Doug Barber’s photos remind us of a time when the bikes, and the people that rode them were the real deal. Thankfully, Doug was there living it; not just as an observer from the outside. This collection of images combined with the words of Sorez the Scribe provides a unique glimpse into our culture’s past. For those that lived, partied and rode during that time it’s a memory book of sorts. For the new generation it represents the path less chosen, inspiration, and a history book of our two- wheeled forefathers.

Living the life, it’s good for your soul.


Like many a young punk rocker, the Sex Pistols were one of my favorite bands growing up. With the Sex Pistols comes Sid Vicious. With Sid came Nancy. With Nancy came turmoil. With turmoil came the murder (?) of Nancy. With Nancy's murder came the overdose of Sid. With Sid's overdose came infamy, notoriety, and legendary status. With this legendary status came the legend of Sid and Nancy, and why 30 plus years after the death of these two junkies in their young 20's we're still wondering what the hell happened that night and how did Nancy end up in the bathroom laying in a pool of blood with a stab wound in her stomach.

With a title like Who Killed Nancy I was expecting this to be a deep investigation into the crime that ended with the death of Nancy Spungen in room 100 of the Chelsea Hotel. In actuality this is more of a biography of Sid and Nancy, their relationship together, and their demise. The story is strung together with interviews with their friends (but none of the famous ones you'd really expect - No Johnny Rotten), interspersed with some crudely animated drawings/pictures, reenactments, live performances, old documentary footage (DOA?), and news footage. The "who killed Nancy?" question seems thrown into the movie as more of an afterthought. Seems like they had the idea about making a movie about who killed Nancy (as per author Alan Parker's supposed promise to Sid's mom), but realized they had about 5 minutes worth of that title subject matter, so they decided to fill up the time by telling the story of Sid and Nancy. The movie probably should have been called Sid and Nancy, but Alex Cox beat them to the punch using that title decades ago.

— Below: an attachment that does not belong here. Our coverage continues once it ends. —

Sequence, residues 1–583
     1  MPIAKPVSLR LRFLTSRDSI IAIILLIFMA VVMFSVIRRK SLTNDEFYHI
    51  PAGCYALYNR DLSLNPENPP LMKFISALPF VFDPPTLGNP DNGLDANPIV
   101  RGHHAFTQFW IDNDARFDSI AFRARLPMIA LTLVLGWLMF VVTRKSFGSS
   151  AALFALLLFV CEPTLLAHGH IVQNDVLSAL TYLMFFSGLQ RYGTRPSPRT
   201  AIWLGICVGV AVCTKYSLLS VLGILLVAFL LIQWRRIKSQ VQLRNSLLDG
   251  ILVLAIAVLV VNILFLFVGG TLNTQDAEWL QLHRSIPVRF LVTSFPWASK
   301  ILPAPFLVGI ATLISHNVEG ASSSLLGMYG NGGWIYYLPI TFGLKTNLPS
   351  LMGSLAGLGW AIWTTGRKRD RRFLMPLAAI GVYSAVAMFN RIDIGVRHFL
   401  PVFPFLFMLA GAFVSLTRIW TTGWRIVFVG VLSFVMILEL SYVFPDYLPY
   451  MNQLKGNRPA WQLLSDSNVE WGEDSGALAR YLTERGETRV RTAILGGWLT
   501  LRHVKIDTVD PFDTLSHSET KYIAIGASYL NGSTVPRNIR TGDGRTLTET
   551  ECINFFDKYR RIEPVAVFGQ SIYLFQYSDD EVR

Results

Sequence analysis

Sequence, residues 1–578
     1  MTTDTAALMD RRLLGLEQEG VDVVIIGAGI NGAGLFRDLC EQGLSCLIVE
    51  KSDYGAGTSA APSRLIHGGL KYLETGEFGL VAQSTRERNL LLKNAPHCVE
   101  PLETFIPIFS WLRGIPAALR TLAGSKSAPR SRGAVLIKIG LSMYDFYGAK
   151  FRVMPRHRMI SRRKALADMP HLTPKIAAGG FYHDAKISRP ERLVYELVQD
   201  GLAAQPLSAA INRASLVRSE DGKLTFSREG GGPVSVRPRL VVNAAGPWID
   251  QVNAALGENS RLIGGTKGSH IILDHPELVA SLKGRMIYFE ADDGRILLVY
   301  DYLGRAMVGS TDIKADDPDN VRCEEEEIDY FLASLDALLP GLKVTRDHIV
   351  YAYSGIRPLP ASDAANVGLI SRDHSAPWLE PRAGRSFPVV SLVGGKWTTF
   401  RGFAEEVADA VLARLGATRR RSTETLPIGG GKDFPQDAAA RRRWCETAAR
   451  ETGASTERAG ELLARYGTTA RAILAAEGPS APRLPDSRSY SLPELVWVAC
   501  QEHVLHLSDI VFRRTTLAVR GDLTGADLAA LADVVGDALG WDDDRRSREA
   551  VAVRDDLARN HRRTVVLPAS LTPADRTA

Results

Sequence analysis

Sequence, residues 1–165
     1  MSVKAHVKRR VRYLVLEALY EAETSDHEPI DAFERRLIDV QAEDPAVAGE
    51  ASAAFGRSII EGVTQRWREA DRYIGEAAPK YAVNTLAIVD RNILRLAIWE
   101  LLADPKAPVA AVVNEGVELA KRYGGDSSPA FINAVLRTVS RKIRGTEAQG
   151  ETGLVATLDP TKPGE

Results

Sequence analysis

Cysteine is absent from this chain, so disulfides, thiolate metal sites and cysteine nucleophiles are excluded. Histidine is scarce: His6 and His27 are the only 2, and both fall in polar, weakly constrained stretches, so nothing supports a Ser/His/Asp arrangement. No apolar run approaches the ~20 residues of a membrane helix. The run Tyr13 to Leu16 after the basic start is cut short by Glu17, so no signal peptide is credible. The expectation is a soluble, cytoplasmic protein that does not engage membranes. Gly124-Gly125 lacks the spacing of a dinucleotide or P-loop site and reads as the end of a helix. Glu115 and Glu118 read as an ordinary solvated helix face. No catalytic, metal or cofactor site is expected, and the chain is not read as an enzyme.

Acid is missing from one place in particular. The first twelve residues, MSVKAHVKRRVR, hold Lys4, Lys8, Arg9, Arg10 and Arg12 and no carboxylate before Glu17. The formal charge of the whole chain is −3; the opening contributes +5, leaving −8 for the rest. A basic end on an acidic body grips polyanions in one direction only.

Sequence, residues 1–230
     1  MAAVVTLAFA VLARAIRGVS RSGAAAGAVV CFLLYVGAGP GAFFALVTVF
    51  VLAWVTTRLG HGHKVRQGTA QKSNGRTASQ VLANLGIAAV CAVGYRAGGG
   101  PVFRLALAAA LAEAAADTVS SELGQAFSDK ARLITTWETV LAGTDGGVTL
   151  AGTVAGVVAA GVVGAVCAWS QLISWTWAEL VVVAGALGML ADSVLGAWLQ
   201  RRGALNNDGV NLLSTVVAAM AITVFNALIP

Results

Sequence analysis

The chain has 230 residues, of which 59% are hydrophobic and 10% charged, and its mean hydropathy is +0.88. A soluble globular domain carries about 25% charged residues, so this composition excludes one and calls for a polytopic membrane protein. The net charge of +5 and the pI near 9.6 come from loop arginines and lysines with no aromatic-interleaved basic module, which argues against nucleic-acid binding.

Overall an OK documentary, good for both those who do or don't have knowledge of who Sid and Nancy were (but probably better for those with an interest in the subject matter).

From the Press Release:

Based on the book Sid Vicious: No One is Innocent

On October 12th 1978 Nancy Spungen, an ex-prostitute, sometimes stripper and heroin addict, was found dead in a bathroom at the Chelsea Hotel in New York. She also happened to be the girlfriend of the Sex Pistols’ bassist Sid Vicious, who was quickly accused of her murder. Less than 6 months later, he died of a heroin overdose and the case was closed.

The death of Sid and Nancy has passed into rock legend and has only added to the controversial and notorious image of the Sex Pistols and punk music. At the request of Sid’s mother, who committed suicide in 1996, rock author and punk expert Alan Parker has devoted himself to discovering Who Killed Nancy? By interviewing 182 people and re-examining NYPD evidence, he reveals what he believed happened that night in room 100.


Got an AMAZING straight-razor-shave and a haircut from the barber/owner Chris a little while ago. Chris knows what he is doing. My face felt and looked great, not one iota of irritation, it was baby smooth. My hair was cut perfectly. Glad to see that there is a place that is bringing back the lost art of the straight-razor-shave. Very cool place with an old school feel, but not in a kitschy kind of way. It's cool without being pretentious. I've been to numerous barbershops but this will be my new go-to place for haircuts and shaves, and I live an hour away! This is the kind of barbershop every man wishes he had around, and now I do. Don't be jealous, check it out for yourself.

Calabrese's Barber Shop
33 West Front Street
Keyport, NJ 07735

(732) 217-1491